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Frontiers of Chemical Science and Engineering >> 2010, Volume 4, Issue 2 doi: 10.1007/s11705-009-0234-1

Assessment of postcombustion carbon capture technologies for power generation

1.Institute for Sustainability and Innovation, Victoria University, Werribee Campus, PO Box 14428, Melbourne, Victoria 8001, Australia; 2.Department of Chemical Engineering, Monash University, Clayton Vic 3182, Australia; 3.School of Chemical Engineering, The University of Queensland, Brisbane Qld 4072, Australia;

Available online: 2010-06-05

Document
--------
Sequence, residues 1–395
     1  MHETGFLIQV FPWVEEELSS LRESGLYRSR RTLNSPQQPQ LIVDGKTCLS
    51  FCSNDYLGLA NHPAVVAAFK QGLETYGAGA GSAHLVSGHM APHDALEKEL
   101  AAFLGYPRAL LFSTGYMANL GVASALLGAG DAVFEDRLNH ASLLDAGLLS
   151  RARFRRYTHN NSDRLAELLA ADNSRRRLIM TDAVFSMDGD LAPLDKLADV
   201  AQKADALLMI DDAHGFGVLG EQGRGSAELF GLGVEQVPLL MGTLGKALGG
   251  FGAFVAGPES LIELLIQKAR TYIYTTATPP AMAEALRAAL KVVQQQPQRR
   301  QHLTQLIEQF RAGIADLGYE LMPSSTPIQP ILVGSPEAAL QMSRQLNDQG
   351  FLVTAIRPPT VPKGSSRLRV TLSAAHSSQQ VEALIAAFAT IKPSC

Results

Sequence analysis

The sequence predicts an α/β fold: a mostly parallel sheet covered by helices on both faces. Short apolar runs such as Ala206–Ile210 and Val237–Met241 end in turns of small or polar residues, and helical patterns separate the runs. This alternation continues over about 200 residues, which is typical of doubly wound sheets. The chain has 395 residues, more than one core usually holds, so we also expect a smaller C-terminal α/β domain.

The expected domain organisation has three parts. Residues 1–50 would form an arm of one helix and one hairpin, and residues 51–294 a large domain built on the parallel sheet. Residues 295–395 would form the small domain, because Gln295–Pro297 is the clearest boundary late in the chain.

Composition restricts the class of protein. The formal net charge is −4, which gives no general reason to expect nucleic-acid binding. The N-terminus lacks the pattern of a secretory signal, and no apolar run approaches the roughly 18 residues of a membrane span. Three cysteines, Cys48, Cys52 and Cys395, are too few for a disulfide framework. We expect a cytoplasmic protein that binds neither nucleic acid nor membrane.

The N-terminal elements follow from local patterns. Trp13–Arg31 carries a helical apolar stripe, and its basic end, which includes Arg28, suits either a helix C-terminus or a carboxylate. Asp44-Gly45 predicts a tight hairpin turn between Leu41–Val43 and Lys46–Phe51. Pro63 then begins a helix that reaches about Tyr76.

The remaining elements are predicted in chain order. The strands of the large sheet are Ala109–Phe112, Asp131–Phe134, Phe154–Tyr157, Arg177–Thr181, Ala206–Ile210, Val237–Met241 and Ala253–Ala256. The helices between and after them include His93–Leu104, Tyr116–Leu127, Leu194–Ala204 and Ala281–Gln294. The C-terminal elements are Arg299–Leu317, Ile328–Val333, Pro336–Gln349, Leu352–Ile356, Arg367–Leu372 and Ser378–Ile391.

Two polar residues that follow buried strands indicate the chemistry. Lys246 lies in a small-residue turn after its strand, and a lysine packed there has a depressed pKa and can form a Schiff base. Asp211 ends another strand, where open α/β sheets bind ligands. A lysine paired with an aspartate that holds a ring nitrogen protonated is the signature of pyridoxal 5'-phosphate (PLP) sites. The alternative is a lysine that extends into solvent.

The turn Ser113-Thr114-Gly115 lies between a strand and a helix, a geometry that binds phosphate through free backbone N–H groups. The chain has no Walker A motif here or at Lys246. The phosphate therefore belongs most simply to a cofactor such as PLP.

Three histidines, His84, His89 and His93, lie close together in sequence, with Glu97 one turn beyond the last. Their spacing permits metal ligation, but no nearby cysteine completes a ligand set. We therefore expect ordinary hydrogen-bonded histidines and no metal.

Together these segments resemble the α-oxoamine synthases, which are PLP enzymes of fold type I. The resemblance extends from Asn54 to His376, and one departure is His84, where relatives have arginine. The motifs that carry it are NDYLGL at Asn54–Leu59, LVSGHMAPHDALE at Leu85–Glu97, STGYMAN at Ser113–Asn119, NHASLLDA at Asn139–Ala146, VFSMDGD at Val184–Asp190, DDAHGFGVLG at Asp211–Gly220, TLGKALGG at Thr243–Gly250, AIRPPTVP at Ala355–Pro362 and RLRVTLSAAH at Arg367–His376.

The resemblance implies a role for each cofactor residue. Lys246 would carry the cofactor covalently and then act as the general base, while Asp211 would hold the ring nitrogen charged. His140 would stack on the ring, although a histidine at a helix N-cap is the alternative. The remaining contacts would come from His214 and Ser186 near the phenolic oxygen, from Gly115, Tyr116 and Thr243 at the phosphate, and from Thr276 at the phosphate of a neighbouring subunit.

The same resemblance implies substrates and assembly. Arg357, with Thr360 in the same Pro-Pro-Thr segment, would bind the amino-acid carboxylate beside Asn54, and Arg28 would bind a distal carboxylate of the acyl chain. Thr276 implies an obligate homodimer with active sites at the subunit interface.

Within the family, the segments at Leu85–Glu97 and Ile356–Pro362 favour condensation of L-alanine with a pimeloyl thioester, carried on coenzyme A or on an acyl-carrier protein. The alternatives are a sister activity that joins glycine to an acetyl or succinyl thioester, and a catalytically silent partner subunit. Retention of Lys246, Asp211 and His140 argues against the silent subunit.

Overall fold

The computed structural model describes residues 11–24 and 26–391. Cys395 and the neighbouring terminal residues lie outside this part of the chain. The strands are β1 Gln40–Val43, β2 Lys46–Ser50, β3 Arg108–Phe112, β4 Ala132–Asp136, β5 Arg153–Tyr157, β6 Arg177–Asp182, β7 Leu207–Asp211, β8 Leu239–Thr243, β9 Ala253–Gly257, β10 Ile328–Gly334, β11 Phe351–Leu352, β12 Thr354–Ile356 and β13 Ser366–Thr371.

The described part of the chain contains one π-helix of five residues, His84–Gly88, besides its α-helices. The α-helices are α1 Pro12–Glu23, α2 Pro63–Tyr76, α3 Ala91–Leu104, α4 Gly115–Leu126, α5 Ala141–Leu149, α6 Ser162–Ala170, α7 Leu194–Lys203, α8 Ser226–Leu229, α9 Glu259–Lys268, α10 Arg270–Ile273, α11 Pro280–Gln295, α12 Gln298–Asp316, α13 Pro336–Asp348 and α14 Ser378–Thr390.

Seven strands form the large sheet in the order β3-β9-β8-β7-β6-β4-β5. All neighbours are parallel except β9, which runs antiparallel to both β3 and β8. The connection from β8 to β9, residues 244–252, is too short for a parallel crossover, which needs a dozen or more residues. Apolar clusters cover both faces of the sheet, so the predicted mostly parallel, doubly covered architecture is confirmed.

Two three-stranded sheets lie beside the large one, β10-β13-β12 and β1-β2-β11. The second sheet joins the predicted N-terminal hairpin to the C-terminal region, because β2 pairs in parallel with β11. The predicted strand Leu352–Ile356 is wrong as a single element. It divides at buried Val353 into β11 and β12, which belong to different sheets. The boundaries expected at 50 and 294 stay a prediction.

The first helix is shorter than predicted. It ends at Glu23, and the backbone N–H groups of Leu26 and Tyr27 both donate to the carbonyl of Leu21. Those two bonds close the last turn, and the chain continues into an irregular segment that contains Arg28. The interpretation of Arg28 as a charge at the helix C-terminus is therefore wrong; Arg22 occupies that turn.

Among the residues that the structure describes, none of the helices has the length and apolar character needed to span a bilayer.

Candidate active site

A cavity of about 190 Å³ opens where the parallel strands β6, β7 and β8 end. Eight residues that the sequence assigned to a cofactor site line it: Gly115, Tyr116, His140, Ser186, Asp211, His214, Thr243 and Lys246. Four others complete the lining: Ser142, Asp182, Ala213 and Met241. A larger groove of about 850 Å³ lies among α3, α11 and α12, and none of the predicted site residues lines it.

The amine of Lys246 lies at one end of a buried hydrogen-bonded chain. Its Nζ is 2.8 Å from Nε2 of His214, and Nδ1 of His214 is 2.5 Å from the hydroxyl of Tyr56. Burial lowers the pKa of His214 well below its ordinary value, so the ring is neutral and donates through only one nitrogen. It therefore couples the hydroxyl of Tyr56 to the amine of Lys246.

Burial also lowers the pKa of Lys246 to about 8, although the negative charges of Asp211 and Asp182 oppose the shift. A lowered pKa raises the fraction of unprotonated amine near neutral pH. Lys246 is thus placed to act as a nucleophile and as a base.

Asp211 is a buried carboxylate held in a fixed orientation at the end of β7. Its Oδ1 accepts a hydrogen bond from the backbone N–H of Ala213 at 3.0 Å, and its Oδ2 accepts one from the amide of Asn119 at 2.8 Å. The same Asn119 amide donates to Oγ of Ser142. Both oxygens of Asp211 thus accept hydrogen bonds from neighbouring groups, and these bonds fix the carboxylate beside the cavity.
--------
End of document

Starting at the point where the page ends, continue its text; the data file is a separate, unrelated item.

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A significant proportion of power generation stems from coal-combustion processes and accordingly represents one of the largest point sources of CO emissions worldwide. Coal power plants are major assets with large infrastructure and engineering units and an operating life span of up to 50 years. Hence, any process design modification to reduce greenhouse gas emissions may require significant investment. One of the best options to utilize existing infrastructure is to retrofit the power station fleet by adding a separation process to the flue gas, a practice known as postcombustion capture (PCC). This review examines the recent PCC development and provides a summary and assessment of the state of play in this area and its potential applicability to the power generation industry. The major players including the various institutes, government, and industry consortia are identified along with flue gas PCC demonstration scale plants. Of the PCC technologies reviewed, amine-based absorption is preeminent, being both the most mature and able to be adapted immediately, to the appropriate scale, for power station flue gas with minimal technical risk. Indeed, current commercial applications serve niches in the merchant CO market, while a substantial number of smaller scale test facilities are reported in the literature with actual CO capture motivated demonstrations now commencing. Hybrid membrane/absorption systems, also known as membrane contactors, offer the potential for the lowest energy requirements, possibly 10% of current direct scrubbers but are at an early stage of development. Other methods being actively pursued as R&D projects include solid absorbents, solid adsorbents, gas membrane separators, and cryogenic separation. The variety and different maturities of these competing technologies make technical comparison largely subjective, but useful insights could be gained through the development and application of econometric techniques such as ‘real options’ within this context. Despite these limitations, it is clear from this review that amine scrubbing is likely to be adapted first into the existing power station fleet, while less mature technologies will grow and become integrated with the development of future power stations.

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